The Paul McKenna Band, |
Scotland's Paul McKenna Band consists of either (according to CD notes) four or (according to the website) five members. (Fiddler/tenor banjo player Mike Vass's status is the source of the ambiguity; he's treated as a guest on the former, a member in the latter.) Whichever it is, the band, whose third album Elements represents, has been at the receiving end of the most extravagant of notices, such as the New York Times judgment -- cited, understandably, in all of the promotional literature -- that it is the best traditional Scottish outfit of the past two decades. Which is saying a mouthful, given the richness of that nation's homegrown music and the outsized talents of those who have performed it, as either solo singers or inside ensemble settings.
One doesn't have to indulge in hyperbole to notice that the Paul McKenna Band is pretty good, actually really good. You just need to listen, and Elements renders that an unfailingly pleasurable experience. The arrangements are modern but not experimental, which is to say they don't stray so far from their traditional roots that the connection feels in danger of breaking.
Actually, they're a continuation of the sound fashioned by 1970s revival musicians in Scotland and Ireland, namely a wedding of ballad singing to instrumental traditions. As a vehicle for rural musical expression, vocals and instruments typically occupied separate spheres. Some called the results, a contemporary take on older songs and tunes, "Celtic music," an identification that led others to object that no such thing as a pan-Celtic musical tradition exists. Celts are certainly ubiquitous over Europe and elsewhere, but the music they perform isn't tribal; it's based in styles local to the performers, wherever they happen to live and whoever their neighbors may be. None of this, of course, ought to affect one's appreciation of the music, however designated.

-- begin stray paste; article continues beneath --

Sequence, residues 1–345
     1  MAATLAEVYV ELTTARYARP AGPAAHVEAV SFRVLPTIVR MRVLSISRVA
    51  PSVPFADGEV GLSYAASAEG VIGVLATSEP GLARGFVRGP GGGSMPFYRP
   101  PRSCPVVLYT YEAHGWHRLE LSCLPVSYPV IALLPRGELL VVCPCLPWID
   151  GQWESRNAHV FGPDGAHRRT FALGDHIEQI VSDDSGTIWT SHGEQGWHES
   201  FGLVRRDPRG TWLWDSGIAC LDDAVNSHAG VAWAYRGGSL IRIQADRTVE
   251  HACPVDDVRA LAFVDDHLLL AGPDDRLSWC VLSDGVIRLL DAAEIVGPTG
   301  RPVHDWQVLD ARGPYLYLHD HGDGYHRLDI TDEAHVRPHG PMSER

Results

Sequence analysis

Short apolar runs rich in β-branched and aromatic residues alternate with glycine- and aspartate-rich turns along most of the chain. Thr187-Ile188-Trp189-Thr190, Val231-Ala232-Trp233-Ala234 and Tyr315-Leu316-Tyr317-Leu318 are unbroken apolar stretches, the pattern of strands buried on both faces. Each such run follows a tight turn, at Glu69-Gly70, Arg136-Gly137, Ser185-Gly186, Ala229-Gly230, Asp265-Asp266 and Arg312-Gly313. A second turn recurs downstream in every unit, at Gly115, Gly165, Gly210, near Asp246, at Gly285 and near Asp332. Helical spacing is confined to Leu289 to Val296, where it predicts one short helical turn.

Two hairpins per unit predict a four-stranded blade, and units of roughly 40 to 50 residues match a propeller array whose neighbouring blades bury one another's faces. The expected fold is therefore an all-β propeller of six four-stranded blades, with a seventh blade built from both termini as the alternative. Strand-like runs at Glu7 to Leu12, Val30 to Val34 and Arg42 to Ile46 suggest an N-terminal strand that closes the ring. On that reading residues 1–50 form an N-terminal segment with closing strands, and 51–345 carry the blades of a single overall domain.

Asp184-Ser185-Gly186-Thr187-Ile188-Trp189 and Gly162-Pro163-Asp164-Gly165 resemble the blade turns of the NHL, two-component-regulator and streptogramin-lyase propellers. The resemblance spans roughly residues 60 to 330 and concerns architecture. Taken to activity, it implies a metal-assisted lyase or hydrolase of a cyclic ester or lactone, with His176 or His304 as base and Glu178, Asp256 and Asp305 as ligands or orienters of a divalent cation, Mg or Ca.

There is a significant body of folk music, past and present, that spans the British Isles and crosses the Atlantic Ocean to North America. McKenna and his compatriots embrace it all, albeit with an unshakable Scottish accent and orientation. The two purely traditional cuts, the well-known "Michael Hayes" and the more obscure "Mickey Dam" (a particular delight, by the way), are both Irish in origin and in references. North America is represented by Canadian James Keelaghan's intense, cinematic ballad "Cold Missouri Waters" and by American James Walton Aldridge's "No Ash Will Burn" (also covered by Della Mae on its current Rounder release This World Oft Can Be). English folksinger Nic Jones's glorious "Ruins by the Shore" gets a sterling arrangement, a highlight even in a recording bursting with them.
McKenna, who does the lead vocals, sings with a distinctive faint quiver. This has the not-faint effect of ratcheting up a song's emotional resonance into the higher atmosphere, to nearly overwhelming heights in the wrenching true tale that comprises the above-mentioned Keelaghan composition. McKenna's bandmates lay down a rhythmic, hard-driving sound that, if it doesn't resemble bluegrass in any literal way, is at least analogous to it: a meeting of old and new, venerable and fresh, in perfect, awe-inspiring harmony.
Born in Ireland, raised in Scotland, a leading presence on the acoustic-guitar scene in Europe and North America, Tony McManus is a master of instrumental arrangements of British Isles folk tunes as well as jazz and classical pieces, in the manner of an early and enduring influence of his, the pioneering John Renbourn. Mysterious Boundaries, the latest of his many accomplished albums, focuses on the purely classical, played -- unusually -- on steel strings and solo. I am, I freely confess, no authority on the classical genre -- my listening is confined to what I heard in the car from public radio -- but I think I can assure both the expert and the unlearned that McManus creates a spell of mystery and beauty in these spare arrangements of Bach (four cuts), Eric Satie and others, including no less than Thomas Aquinas, responsible for the medieval hymn "Pange Lingua."
This is the sort of recording whose depth and nuance richly repay repeated listenings, as I can attest from just such experience. Mysterious Boundaries abounds in what music gives to life.
music review by
14 September 2013
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